Wayne Flynt, an expert on Southern culture and politics, as well as a good friend to the late Harper Lee, has recently published a collection of letters between himself and the beloved author of To Kill a Mockingbird. The correspondence is titled Mockingbird Songs: My Friendship with Harper Lee and occurred between 1992 and Lee’s death in February, 2016. Professor Flynt sat down to answer some of our questions during a recent interview:
About Wayne Flynt
OCBS: Tell us a little about yourself and your background. How was your childhood unique?
Wayne Flynt: I grew up mainly in Alabama. We moved often (I went to 12 schools between the ages of 6 and 14): Anniston came closest to being my home town though we lived in Birmingham, Sheffield, Gadsden, Dothan, Atlanta, Augusta, GA., etc. It was mostly unique because I was an only child, had few friends growing up, and compensated by assuming solitary habits, especially building model WWII airplanes, collecting stamps, and reading.
OCBS: Have you always wanted to be a historian? If not, what else did you consider as a career and why?
Wayne Flynt: I have always loved history and majored in history and speech in college, but planned to be a Baptist minister until my changing racial views in the early 1960s made that an impossible course for me, or so I thought.
OCBS: You’ve enjoyed success in academia and as a writer of history. What are your ongoing goals for your career?
Wayne Flynt: My goals are continue to write history and popularize them in op.ed. columns, articles, and books. I embrace the role of “public intellectual” and could not ethically remain in Alabama without working constantly for the goals Nelle embraced: the extension of justice, community, tolerance, and racial reconciliation.
Wayne Flynt on Harper Lee
OCBS: Tell us about your relationship with Harper Lee and her sisters? How did it begin? What are your fondest memories of Miss Lee? How did she inspire you personally and professionally?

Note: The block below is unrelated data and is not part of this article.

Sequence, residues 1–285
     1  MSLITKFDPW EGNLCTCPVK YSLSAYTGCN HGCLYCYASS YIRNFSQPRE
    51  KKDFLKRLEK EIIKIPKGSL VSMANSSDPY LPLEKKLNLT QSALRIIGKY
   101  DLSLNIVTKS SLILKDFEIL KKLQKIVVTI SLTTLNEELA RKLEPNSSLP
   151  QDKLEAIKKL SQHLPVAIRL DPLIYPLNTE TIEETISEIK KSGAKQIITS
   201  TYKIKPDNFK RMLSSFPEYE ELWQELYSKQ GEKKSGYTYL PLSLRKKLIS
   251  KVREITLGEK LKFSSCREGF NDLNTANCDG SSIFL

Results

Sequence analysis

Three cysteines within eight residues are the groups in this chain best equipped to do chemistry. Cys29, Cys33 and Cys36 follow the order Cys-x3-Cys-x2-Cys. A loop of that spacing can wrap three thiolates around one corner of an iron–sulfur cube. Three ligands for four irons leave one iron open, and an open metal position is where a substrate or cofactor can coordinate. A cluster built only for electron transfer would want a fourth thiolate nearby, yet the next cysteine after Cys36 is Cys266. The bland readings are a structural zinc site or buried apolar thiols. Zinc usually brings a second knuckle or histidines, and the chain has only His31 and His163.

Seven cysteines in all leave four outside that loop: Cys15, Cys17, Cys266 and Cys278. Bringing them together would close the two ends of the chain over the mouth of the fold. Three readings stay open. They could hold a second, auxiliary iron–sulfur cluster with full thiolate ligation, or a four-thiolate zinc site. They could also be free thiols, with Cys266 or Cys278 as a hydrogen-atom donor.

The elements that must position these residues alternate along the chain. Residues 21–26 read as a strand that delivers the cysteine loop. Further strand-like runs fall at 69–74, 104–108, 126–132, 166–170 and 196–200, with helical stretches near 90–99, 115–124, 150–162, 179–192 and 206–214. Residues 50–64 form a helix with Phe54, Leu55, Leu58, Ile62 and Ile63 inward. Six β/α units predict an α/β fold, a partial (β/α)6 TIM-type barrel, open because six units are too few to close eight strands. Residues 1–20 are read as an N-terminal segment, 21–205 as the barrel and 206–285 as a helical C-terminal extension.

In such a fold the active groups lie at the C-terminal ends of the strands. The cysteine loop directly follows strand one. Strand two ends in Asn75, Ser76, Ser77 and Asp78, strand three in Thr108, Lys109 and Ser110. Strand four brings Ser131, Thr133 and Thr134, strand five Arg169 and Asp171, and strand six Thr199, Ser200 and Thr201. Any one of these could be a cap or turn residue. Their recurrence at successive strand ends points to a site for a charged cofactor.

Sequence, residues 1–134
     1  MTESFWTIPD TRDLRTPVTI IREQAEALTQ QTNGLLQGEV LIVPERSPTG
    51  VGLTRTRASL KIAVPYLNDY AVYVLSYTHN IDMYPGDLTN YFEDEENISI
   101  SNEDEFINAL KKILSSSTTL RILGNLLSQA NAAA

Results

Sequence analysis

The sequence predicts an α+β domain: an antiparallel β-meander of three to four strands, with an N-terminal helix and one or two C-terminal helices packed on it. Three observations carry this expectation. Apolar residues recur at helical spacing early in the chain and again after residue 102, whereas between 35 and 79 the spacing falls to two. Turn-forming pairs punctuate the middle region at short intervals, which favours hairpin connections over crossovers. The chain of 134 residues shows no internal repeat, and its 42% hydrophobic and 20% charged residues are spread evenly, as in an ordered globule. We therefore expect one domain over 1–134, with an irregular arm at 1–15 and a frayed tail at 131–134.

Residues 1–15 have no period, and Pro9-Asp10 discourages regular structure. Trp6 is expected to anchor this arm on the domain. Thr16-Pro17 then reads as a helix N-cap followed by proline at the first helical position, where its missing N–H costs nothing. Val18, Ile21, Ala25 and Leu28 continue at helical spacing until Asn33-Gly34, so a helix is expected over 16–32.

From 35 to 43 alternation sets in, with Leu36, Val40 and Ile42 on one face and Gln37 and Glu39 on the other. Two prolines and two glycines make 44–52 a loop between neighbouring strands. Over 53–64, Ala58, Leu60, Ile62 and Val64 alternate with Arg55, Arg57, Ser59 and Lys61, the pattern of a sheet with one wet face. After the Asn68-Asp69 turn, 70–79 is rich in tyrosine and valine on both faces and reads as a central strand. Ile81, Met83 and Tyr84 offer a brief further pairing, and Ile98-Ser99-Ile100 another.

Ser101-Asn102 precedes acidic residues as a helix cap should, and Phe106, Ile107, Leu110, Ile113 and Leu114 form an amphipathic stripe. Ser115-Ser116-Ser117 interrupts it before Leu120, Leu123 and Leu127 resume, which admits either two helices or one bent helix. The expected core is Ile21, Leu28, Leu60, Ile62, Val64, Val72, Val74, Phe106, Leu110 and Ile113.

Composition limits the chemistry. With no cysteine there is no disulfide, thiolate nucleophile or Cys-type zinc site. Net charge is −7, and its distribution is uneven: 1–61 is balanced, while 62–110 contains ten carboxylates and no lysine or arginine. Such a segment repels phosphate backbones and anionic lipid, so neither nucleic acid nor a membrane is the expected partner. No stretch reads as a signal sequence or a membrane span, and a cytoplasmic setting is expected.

Wayne Flynt: I deal extensively with this question in the book, but I first met Louise when she served on the planning committee of Auburn’s History and Heritage Festival in Eufaula in 1983. Nelle agreed to attend and speak, and I met her that March evening in 1983. We had a long and happy friendship with Louise before we came to know Alice casually when she showed up at a seminar at the University of Montevallo, where I lectured on the Depression-era historical context of TKAM. I came to know Nelle only in the early 21st Century, when her concerns about Louise’s failing health caused her to contact us. We began to write each other, but the friendship really deepened only after her stroke brought her to Health South rehab in Homewood (where we visited her regularly) and to Monroeville (where we wrote her frequently and visited at least once a month on average for a decade). I actually swore after the terrorist bombing of the 16th Street Baptist Church in 1963 that I would never come back to Alabama to teach. But months later I read TKAM for the first time and was so impressed with this remarkable story of courage, tolerance, justice, and community, that I changed my mind. Though that event was only one of several that brought me “home,” it was pivotal.
Wayne Flynt on Writing
OCBS: Which other writers inspire you? Why?